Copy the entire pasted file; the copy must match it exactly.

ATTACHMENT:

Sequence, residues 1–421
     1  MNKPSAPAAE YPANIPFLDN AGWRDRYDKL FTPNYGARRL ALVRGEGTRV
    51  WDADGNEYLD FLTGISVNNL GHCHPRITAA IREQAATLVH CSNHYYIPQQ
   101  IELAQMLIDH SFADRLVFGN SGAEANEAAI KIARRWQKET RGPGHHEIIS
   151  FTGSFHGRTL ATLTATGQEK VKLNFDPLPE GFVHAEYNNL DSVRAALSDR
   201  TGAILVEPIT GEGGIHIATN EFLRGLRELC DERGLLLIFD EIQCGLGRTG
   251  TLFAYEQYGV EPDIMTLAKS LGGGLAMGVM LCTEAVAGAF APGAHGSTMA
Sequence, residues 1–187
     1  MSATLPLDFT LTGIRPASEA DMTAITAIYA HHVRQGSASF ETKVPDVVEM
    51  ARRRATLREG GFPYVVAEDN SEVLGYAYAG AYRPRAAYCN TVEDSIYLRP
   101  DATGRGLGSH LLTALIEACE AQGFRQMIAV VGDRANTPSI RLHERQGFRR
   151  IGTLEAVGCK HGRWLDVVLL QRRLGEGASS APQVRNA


Sequence, residues 1–421
     1  MNKPSAPAAE YPANIPFLDN AGWRDRYDKL FTPNYGARRL ALVRGEGTRV
    51  WDADGNEYLD FLTGISVNNL GHCHPRITAA IREQAATLVH CSNHYYIPQQ
   101  IELAQMLIDH SFADRLVFGN SGAEANEAAI KIARRWQKET RGPGHHEIIS
   151  FTGSFHGRTL ATLTATGQEK VKLNFDPLPE GFVHAEYNNL DSVRAALSDR
   201  TGAILVEPIT GEGGIHIATN EFLRGLRELC DERGLLLIFD EIQCGLGRTG
   251  TLFAYEQYGV EPDIMTLAKS LGGGLAMGVM LCTEAVAGAF APGAHGSTMA
Sequence, residues 1–187
     1  MSATLPLDFT LTGIRPASEA DMTAITAIYA HHVRQGSASF ETKVPDVVEM
    51  ARRRATLREG GFPYVVAEDN SEVLGYAYAG AYRPRAAYCN TVEDSIYLRP
   101  DATGRGLGSH LLTALIEACE AQGFRQMIAV VGDRANTPSI RLHERQGFRR
   151  IGTLEAVGCK HGRWLDVVLL QRRLGEGASS APQVRNA